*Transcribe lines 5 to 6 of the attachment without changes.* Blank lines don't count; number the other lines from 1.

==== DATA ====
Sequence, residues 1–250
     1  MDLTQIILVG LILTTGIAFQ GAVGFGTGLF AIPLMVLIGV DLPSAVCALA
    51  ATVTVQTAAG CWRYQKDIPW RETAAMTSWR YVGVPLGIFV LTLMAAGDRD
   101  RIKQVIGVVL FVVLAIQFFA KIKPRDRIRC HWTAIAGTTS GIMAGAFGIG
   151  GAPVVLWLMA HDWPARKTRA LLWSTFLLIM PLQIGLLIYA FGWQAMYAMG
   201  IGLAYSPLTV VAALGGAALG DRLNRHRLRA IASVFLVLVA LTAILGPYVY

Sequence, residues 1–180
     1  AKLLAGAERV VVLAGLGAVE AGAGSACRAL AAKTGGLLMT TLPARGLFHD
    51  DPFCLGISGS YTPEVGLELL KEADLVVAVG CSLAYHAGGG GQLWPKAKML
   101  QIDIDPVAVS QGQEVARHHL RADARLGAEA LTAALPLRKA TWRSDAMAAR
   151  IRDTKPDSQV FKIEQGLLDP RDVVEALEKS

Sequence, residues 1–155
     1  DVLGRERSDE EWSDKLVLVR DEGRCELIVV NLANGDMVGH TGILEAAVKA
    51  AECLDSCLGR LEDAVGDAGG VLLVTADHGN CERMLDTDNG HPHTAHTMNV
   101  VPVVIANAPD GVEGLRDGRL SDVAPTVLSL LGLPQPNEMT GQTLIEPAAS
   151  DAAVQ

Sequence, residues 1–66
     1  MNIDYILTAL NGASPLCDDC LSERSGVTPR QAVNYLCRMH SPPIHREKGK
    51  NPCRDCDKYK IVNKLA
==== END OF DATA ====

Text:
   151  GAPVVLWLMA HDWPARKTRA LLWSTFLLIM PLQIGLLIYA FGWQAMYAMG
   201  IGLAYSPLTV VAALGGAALG DRLNRHRLRA IASVFLVLVA LTAILGPYVY